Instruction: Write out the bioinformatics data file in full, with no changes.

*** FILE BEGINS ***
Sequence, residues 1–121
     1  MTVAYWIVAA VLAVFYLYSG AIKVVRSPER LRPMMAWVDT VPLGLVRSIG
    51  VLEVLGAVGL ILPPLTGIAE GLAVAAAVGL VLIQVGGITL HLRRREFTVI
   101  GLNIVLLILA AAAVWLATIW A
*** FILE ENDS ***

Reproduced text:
Sequence, residues 1–121
     1  MTVAYWIVAA VLAVFYLYSG AIKVVRSPER LRPMMAWVDT VPLGLVRSIG
    51  VLEVLGAVGL ILPPLTGIAE GLAVAAAVGL VLIQVGGITL HLRRREFTVI
   101  GLNIVLLILA AAAVWLATIW A